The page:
I actually became aware of biodynamic farming thanks to my husband. He is very interested in anthroposophy and was reading lots of books about and by Rudolf Steiner, the founder of both anthroposophy and biodynamic farming (and Waldorf education).
Once I started researching it a bit, I was amazed that I had not heard about it earlier, and that it is not more popular, especially since we are all becoming increasingly aware of the dangers of pesticides and other chemicals used in agriculture. I have often asked vendors at my local farmers markets if their produce is biodynamically grown, only to be met with a puzzled look.
Biodynamic farming is catching on here in the US, but it’s still much easier to find biodynamically grown products in Europe (you’ll know that something is certified biodynamic if it has a “Demeter” label). Some claim that people who are normally allergic to fruits and vegetables can eat them when they have been biodynamically grown.
I have yet to put that to the test though – I have not been able to find biodynamically grown vegetables anywhere where I live, but biodynamic wines have started to show up on the shelves on my local wine shop, and I’ve tried a few. None was mindblowingly good, and if we were allowed to order wine online in Massachusetts, I would do more extensive research on this. 🙂 Hopefully that law will change soon. And voila! It did!
How does it work?
In biodynamic farming, you do not use any synthetic fertilizers or pesticides whatsoever, only your own household/farm compost and other preparations. The farm is considered a self-contained entity and should be able to support itself. It’s all about the perfect balance – you need the right amount of livestock to produce enough manure for your crops and the right amount of crops to feed the animals, etc. The soil is of great importance; it’s a living organism and needs to be nurtured as one. Crop rotation and companion planting is also important in biodynamic growing.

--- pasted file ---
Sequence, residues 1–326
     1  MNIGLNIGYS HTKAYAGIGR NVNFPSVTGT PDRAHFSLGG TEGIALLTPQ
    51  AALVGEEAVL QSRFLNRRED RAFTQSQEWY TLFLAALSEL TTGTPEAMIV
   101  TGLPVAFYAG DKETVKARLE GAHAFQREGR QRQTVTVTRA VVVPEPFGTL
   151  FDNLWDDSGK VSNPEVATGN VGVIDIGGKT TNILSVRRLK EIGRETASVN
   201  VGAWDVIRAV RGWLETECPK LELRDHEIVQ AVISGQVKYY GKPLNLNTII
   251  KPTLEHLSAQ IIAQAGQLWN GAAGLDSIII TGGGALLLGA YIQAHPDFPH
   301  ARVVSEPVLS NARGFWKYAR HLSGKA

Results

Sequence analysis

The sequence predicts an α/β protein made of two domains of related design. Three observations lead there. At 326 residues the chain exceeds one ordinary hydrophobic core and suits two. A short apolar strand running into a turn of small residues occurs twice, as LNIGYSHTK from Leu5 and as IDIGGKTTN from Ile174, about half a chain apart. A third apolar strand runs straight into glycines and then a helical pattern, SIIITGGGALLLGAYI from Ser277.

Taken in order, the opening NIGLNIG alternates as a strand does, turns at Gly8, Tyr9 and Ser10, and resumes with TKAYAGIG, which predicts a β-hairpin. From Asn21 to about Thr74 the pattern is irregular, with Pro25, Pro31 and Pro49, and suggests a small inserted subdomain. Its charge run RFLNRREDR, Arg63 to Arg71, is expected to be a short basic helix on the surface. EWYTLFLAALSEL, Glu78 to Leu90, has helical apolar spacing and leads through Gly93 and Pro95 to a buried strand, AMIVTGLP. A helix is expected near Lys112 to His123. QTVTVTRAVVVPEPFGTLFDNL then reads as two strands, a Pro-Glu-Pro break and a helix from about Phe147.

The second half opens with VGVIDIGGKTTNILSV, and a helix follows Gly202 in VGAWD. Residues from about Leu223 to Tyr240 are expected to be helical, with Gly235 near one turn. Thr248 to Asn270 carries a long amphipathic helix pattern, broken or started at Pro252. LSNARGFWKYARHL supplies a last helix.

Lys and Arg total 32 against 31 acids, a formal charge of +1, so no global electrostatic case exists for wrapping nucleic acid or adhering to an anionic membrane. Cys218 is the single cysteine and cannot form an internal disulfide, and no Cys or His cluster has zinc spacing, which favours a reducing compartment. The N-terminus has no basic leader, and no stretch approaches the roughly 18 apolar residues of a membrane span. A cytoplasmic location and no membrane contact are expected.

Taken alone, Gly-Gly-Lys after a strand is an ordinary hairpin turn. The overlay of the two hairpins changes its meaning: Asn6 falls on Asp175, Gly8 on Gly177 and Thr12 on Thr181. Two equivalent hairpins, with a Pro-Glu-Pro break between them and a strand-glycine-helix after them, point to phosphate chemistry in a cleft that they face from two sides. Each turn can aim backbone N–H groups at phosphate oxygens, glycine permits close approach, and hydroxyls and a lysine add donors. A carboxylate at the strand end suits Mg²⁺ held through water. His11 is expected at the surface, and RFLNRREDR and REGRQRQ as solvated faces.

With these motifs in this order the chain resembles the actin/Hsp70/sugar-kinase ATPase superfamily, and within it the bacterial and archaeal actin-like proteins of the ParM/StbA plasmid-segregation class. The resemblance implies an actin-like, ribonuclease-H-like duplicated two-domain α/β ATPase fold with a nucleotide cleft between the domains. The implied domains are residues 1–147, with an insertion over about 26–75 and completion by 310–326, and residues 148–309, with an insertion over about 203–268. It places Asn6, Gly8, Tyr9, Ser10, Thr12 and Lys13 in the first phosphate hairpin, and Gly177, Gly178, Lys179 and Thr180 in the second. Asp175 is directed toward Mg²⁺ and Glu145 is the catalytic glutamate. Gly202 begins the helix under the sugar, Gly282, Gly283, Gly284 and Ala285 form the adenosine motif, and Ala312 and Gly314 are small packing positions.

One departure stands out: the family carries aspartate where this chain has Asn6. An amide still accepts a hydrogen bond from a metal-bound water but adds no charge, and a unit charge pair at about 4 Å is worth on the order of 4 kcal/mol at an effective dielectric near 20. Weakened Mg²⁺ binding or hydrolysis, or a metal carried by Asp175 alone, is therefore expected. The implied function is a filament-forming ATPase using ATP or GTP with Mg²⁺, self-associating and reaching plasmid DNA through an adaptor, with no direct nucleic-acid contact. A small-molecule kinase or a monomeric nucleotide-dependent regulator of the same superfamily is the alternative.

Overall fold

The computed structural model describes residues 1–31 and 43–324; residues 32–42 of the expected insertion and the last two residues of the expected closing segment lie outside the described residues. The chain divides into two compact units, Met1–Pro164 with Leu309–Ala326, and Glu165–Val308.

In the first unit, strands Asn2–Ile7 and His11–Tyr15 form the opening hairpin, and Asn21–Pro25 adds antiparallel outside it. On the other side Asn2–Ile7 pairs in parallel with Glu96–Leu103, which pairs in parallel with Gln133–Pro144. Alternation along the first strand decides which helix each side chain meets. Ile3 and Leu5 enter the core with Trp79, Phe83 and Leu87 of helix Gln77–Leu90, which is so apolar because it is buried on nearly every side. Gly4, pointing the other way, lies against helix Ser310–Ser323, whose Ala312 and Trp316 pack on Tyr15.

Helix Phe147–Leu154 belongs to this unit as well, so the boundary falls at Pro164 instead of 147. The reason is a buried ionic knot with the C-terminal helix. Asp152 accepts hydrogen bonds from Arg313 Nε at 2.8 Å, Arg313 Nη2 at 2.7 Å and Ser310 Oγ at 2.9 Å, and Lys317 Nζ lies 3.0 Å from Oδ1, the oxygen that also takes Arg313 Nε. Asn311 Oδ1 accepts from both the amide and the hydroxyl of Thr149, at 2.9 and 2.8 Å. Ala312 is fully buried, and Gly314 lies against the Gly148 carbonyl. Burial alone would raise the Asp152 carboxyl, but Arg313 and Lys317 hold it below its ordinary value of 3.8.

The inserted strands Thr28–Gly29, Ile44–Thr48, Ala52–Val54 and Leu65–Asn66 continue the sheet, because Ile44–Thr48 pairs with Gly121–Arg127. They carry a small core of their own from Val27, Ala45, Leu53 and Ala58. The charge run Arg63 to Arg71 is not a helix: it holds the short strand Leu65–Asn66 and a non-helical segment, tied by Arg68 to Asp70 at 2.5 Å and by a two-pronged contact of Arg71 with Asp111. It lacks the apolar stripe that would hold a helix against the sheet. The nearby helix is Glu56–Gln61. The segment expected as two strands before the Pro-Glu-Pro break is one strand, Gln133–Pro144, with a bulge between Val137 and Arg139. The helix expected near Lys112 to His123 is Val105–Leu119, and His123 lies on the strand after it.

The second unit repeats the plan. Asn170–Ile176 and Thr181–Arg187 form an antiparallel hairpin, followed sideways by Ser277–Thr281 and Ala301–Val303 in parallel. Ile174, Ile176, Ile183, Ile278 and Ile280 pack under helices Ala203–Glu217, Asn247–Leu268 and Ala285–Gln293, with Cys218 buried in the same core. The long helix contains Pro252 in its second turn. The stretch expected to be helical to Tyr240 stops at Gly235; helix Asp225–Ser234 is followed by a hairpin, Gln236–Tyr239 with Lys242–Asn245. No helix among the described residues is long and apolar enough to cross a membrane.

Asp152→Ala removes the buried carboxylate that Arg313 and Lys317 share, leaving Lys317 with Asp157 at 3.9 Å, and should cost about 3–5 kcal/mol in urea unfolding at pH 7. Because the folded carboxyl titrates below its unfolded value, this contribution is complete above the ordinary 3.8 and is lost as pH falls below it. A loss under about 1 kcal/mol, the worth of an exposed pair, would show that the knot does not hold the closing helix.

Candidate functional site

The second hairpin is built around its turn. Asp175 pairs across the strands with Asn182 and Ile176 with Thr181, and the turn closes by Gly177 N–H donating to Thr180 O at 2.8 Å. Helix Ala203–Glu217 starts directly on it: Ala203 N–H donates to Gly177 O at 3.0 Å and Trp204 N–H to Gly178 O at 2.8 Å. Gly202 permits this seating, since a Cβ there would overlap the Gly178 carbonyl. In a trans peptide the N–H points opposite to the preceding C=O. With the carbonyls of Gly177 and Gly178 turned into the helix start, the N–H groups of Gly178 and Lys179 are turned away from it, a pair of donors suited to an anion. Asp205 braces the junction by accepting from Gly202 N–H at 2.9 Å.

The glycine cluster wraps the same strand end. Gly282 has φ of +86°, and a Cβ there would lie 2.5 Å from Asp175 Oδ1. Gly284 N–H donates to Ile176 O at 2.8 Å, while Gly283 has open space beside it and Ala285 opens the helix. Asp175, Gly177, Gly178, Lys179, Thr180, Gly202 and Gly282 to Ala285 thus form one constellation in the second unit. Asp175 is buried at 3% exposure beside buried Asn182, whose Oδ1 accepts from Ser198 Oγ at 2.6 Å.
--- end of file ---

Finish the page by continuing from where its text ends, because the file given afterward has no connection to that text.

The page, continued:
There are certain natural preparations used to fertilize and combat pests, and even though the methods sound a bit gross (for example, yarrow blossoms are stuffed into urinary bladders from red deer, placed in the sun during summer, buried in earth during winter and retrieved in the spring), it works, and it won’t poison your food.
The solar and lunar rhythms are also important, which sounds a bit out there, but makes sense. (Think about tides, the moon certainly has an influence on the earth.) As an example, in biodynamic growing, it is advised to plant seeds 48 hours before a full moon, but avoid planting seeds during the new moon. There are many activities you can do during the full moon but very few during the new moon (you may fell timber though). Traditional Indian farmers considered the day before a new moon “No Moon day”, and no agricultural work was done that day.
As you can see, there is a lot to growing biodynamically, and one can understand why few attempt it, although when you consider the benefits to us and the entire earth, I certainly wish more people would.